Statistics Canada announced this morning that employment was virtually unchanged in April (down 1,100) following a surge in March and the unemployment rate remained at 5.8%–its lowest level in four decades. Wages growth accelerated signalling tight labour markets. April’s stall was only the second time since mid-2016 that the job market did not grow.
On a positive note, the job losses were in part-time work, which registered a 30,000 downfall. Full-time employment was up 28,800, which is near average over the past 12 months
When labour markets approach full capacity, job growth stalls as job vacancies become increasingly more difficult to fill. This excess demand for labour pushes up wage rates to lure qualified workers from other jobs.
This trend poses a substantial challenge for the Bank of Canada as inflation is now at or above its 2% target. Economic activity has slowed this year, and considerable uncertainty remains, especially concerning NAFTA. In the face of a meaningful slowdown in housing and consumer spending, the Bank is reticent to hike interest rates too quickly as mortgage rates are already rising.
The posted five-year fixed mortgage rate rose to 5.34% this week, as banks have tightened credit conditions and five-year bond yields have edged upward. Borrowers must qualify for mortgages based on the posted mortgage rate, and one-in-three borrowers have purportedly already been squeezed out of the housing market.
Apropos the housing slowdown, employment declines were most significant in the construction industry, which suffered an 18,900 job loss offsetting the gains in March. Services-related employment was up 14,800 in April.
Since the start of the year, Canada’s labour force has shrunk by 25,500, and the number of jobs is down by 41,400.
The average hourly wage in April was C$27.02, up 3.6% from a year earlier. That’s the fastest pace of growth since 2012.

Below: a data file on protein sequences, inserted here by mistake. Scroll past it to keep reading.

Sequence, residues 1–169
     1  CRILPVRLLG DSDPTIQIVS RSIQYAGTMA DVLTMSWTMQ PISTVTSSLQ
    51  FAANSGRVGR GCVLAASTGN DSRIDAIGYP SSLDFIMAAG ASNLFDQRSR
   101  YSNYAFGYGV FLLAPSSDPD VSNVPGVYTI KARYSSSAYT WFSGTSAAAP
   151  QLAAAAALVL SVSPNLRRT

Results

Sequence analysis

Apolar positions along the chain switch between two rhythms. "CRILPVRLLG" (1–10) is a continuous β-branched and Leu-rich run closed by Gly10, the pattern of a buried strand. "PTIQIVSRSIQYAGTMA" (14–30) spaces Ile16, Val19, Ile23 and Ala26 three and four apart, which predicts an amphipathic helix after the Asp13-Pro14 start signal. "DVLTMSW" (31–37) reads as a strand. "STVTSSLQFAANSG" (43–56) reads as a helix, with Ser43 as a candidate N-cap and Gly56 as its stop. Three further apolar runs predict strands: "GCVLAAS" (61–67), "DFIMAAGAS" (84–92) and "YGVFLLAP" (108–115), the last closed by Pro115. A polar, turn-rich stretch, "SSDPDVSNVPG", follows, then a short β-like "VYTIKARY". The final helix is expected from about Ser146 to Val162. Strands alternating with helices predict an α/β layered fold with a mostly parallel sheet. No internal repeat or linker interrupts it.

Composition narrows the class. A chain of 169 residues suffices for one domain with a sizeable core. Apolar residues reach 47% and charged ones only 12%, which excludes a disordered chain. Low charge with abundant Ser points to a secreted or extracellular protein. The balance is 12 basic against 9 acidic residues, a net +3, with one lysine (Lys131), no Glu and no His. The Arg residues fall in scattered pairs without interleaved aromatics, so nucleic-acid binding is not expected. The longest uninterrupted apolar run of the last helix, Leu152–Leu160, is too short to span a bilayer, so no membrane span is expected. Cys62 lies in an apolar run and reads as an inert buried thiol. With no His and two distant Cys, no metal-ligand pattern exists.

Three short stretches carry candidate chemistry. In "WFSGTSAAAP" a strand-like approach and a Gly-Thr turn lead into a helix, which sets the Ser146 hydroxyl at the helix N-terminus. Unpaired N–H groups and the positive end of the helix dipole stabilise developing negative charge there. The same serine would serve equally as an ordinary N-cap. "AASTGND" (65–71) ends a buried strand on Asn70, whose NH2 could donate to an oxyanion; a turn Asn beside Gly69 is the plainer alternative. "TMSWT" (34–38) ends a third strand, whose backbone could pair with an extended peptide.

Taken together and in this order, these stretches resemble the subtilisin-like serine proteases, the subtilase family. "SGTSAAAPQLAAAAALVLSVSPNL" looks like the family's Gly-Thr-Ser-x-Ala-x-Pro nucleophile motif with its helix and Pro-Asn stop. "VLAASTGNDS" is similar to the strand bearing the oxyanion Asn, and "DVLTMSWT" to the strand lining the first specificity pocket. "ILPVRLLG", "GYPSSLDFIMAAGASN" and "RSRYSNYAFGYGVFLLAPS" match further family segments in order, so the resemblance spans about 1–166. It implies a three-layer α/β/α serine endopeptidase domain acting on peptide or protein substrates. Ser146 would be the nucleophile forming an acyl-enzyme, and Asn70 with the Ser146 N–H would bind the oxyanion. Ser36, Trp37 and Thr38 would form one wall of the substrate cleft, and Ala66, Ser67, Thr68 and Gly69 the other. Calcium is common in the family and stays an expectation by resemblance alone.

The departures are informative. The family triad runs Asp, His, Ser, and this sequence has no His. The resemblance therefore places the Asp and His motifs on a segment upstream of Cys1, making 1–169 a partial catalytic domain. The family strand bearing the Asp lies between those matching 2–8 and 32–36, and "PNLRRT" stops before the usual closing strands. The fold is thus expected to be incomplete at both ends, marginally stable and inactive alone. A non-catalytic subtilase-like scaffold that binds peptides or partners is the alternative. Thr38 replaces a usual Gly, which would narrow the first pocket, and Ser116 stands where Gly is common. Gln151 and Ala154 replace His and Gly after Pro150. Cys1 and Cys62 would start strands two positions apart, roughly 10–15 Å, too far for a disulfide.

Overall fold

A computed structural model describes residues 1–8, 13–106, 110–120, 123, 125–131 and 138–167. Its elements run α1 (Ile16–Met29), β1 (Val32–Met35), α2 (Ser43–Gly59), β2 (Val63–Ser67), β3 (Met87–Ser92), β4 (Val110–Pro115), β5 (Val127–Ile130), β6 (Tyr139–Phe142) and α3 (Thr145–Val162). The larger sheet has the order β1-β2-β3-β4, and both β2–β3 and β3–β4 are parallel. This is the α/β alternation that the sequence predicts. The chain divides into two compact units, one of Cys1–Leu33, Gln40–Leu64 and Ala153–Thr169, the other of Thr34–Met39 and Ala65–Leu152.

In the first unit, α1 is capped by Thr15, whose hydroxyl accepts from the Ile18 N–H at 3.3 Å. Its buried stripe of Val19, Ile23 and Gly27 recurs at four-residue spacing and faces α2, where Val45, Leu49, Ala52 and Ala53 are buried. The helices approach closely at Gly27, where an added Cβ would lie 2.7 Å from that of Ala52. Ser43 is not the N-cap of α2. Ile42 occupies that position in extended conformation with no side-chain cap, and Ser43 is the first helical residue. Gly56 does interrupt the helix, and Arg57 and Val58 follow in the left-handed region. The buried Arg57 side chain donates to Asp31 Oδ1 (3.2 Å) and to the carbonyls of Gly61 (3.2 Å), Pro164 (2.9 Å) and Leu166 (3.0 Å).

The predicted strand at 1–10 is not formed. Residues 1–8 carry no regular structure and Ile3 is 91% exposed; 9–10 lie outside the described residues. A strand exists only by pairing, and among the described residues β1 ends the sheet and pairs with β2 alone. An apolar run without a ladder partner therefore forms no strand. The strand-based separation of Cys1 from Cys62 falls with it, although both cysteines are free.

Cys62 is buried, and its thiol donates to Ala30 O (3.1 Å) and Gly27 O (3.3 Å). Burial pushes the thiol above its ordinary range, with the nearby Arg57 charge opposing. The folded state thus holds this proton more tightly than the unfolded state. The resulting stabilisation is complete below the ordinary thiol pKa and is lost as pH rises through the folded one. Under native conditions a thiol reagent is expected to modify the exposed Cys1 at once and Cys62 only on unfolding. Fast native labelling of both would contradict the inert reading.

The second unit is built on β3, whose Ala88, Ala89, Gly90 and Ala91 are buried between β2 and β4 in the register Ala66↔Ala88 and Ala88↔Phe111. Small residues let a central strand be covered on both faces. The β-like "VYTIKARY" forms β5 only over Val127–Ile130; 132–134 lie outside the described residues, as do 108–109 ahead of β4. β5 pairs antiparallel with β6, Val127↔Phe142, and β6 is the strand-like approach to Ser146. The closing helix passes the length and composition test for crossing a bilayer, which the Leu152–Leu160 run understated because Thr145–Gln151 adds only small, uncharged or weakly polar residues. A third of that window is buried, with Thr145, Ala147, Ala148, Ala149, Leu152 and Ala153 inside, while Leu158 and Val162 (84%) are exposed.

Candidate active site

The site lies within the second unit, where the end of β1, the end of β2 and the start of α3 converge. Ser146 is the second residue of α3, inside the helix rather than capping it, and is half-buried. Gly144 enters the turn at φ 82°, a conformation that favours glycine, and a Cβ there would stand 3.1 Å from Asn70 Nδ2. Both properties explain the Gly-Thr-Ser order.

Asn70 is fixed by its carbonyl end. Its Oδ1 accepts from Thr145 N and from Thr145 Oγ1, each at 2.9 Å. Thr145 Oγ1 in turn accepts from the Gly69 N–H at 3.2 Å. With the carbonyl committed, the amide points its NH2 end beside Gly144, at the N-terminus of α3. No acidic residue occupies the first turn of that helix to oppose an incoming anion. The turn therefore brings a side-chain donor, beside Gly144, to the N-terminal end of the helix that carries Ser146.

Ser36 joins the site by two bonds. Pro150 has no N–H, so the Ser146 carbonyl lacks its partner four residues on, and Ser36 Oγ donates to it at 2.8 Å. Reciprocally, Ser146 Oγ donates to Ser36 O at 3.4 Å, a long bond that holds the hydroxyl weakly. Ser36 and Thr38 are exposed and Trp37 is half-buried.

Employment Was Little Changed In Most Provinces
In April, 4,100 more people worked in Manitoba, all in full-time employment. The unemployment rate was virtually unchanged at 6.1%. Compared with April 2017, the number of employed people in the province increased by 5,900 (+0.9%).
In Nova Scotia, employment increased by 2,700 in April. The unemployment rate continued on a downward trend, falling by 0.7 percentage points to 6.7%, the lowest rate since comparable data became available in 1976. On a year-over-year basis, employment was up 8,000 (+1.8%), primarily due to a strong upward trend in full-time employment that began in the autumn of 2017.
There were 4,900 fewer employed people in Saskatchewan in April, and the unemployment rate rose 0.5 percentage points to 6.3%. Compared with April 2017, employment was little changed in the province.
In Ontario, employment held steady in April, and the unemployment rate was little changed at 5.6%. On a year-over-year basis, employment in the province rose by 133,000 or 1.9%, all in full-time work.
In Quebec, both employment and the unemployment rate were little changed in April. Compared with 12 months earlier, the number of people working in the province was up 73,000, mainly as a result of growth in the second and fourth quarters of 2017. Over the same period, the unemployment rate declined by 1.0 percentage points to 5.4%.
The number of people working in British Columbia was little changed in April, as growth in full-time work was offset by a decline in part-time employment. At the same time, the unemployment rate increased by 0.3 percentage points to 5.0% as more people looked for work. Employment in the province has been relatively flat since June 2017, while on a year-over-year basis it was up 23,000 (+0.9%).
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